Someone who saw my article about public figures who read, such as Dr Chee Soon Juan, Sim Ann and the late Mrs Lee Kuan Yew, tipped me off about a Cabinet minister who — wait for this — wrote poetry.
This poet politician is none other than Deputy Prime Minister Tharman Shanmugaratnam.
Tharman penned four poems for a 1978 collection called but we have no legends. He co-edited the book with KC Chew and Yeoh Lam Keong, all then in National Service and part of the Young Writers’ Circle at the National Library.
The titles (or first lines when untitled) of Tharman’s works are: “a good sarabat stall has”; an extract from “the self and others”; “outside rex”; and “staircase, block 104”.
Lower case seemed to be in vogue then! (See below for the text of the last poem.)
staircase, block 104
by Tharman Shanmugaratnam
variation of yesterday’s game.
accusing shrieks challenging
and yesterday is no pakai.
and happiness is sometimes bought.
shall learn the ways –
smother their responses, cultivate
the measure of nonchalance: they
too shall squeeze into lives
and live with it. and happiness
is often sold.
screaming past the lightning,
then smiling through a
in the dark turn of the staircase
KC Chew, who also had poems in the collection, was detained during the alleged Marxist conspiracy in 1987. He is one of Asia’s most successful fund-raisers and is current chairman of arts centre The Substation.
Fellow contributor Yeoh Lam Keong, who was later Tharman’s classmate at the London School of Economics, was the former chief economist at the Government of Singapore Investment Corporation and is now an adjunct professor at the Lee Kuan Yew School of Public Policy. Interestingly they crossed intellectual swords earlier this week.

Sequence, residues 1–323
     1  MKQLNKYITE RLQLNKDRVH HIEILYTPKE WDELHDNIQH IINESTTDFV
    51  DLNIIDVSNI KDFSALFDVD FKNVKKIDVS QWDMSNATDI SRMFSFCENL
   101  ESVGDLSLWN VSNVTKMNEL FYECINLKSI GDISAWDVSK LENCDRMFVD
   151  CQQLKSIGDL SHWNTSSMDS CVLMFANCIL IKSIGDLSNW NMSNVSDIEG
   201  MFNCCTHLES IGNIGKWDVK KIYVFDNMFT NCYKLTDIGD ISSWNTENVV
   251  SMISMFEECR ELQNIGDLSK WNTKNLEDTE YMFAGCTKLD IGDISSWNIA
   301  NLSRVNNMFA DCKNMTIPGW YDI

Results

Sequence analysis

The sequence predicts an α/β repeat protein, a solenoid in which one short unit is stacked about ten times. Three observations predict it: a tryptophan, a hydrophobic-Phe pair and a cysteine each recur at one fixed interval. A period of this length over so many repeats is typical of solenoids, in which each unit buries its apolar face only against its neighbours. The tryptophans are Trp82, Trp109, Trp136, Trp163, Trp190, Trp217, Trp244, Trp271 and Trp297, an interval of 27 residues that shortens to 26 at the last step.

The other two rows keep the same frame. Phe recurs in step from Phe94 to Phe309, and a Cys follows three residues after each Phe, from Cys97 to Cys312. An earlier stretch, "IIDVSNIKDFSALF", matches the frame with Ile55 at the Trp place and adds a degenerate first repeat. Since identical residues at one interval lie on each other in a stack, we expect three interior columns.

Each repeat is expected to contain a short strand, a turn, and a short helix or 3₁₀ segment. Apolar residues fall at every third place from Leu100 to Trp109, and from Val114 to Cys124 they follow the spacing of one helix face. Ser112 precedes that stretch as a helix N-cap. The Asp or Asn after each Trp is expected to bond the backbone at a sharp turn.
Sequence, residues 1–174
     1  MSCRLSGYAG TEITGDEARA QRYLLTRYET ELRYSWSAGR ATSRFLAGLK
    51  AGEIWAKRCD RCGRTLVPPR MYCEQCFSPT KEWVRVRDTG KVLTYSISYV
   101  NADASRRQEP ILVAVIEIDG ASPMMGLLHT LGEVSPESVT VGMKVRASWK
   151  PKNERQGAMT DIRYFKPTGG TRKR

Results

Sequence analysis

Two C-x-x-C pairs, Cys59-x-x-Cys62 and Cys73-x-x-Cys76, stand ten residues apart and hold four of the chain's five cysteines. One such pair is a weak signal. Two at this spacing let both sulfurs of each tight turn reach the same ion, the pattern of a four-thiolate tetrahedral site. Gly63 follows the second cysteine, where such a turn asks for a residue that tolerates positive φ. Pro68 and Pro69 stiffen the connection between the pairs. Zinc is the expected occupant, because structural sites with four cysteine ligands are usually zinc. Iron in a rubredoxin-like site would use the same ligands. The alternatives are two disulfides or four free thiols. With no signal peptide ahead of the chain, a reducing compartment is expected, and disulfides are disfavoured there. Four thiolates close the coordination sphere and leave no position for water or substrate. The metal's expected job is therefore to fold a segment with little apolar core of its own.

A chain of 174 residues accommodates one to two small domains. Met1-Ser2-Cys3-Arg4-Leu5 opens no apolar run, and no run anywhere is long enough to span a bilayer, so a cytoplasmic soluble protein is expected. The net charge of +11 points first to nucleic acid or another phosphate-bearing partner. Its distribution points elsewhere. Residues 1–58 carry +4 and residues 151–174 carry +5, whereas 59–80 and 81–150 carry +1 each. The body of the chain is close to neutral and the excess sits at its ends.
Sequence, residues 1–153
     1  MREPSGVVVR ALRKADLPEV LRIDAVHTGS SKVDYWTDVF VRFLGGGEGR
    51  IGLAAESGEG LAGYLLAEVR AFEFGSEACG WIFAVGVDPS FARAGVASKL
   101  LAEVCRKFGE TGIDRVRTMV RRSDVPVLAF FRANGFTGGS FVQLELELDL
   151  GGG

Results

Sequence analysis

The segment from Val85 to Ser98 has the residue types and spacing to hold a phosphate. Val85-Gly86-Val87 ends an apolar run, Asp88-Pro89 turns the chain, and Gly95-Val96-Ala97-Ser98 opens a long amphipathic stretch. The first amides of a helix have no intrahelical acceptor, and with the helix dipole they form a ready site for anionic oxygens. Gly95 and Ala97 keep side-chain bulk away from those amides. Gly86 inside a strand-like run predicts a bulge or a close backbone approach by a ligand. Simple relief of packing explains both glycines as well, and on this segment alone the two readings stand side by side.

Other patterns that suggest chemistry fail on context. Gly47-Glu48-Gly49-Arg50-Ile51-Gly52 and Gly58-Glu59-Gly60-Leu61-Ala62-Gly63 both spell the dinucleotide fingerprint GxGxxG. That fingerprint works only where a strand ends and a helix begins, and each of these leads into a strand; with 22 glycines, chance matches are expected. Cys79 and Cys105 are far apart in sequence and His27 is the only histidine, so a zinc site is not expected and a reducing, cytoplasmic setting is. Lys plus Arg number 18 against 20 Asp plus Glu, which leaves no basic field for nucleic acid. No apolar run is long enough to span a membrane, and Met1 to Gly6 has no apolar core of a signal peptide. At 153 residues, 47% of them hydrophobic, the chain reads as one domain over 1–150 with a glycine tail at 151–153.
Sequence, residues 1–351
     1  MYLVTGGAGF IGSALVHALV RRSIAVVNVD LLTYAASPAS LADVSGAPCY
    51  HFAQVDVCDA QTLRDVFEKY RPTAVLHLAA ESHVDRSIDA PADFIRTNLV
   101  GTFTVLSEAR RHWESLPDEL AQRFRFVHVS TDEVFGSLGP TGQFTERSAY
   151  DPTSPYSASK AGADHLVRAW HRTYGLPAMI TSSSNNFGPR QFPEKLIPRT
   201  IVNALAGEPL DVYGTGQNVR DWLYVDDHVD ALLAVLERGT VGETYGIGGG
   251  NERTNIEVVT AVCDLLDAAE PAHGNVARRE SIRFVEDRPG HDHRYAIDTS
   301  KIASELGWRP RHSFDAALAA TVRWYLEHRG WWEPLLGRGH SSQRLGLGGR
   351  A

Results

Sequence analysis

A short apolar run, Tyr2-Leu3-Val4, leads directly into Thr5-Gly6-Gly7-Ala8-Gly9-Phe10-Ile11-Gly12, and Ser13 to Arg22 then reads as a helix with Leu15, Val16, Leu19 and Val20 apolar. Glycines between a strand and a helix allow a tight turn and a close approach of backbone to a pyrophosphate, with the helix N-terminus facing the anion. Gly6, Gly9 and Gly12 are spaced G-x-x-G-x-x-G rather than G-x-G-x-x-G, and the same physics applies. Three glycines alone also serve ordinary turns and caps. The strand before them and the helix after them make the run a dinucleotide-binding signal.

As an economics undergraduate in the London School of Economics, Tharman also sent his verse to the University of Singapore Students Union publication “Singapore Undergraduate”. A then-editor of the magazine told me that he was so impressed by a poem of the future Deputy PM that he placed it on the back cover of one issue.
“He was a very good poet. Not sure how much poetry he’s written recently,” Chew said. The book is unfortunately out of print, though available at the National Library and the NUS library.
To have a poet (or at least a former poet) in the Cabinet is unexpected. Tharman does not speak publicly about his literary past (perhaps it is just that no one thought to ask).
His artistic bent might have an effect on policy. An academic told me: “It was during his time as Minister of Education that Drama became an official subject at O-levels and the gates were opened further for Drama in schools.”
Lee Kuan Yew declared that poetry was a luxury Singapore could not afford admittedly more than forty years ago.
On another topic, I wonder whether it would be fair to say that in this election Tharman has emerged to be many people’s (even the Opposition’s) — but not the PAP’s — choice to be the next prime minister.
For that, I have written this rough Haiku combining several ideas:
Poet in closet
Crouching in the Cabinet
Biding time with rhyme
The writer is a cultural and media policy researcher at the Institute of Policy Studies, where he is writing a book about Flourishing Life, and a playwright. He also blogs at https://tantarnhow.wordpress.com/
Top photo: Friends (from left) Tharman, Yeoh and Chew having an editorial meeting for the book, June 1978, in Chew’s bedroom at Highland Road.
Acknowledgement: Thanks to KC Chew for the pictures. Also thanks to Natalie Chia for your help.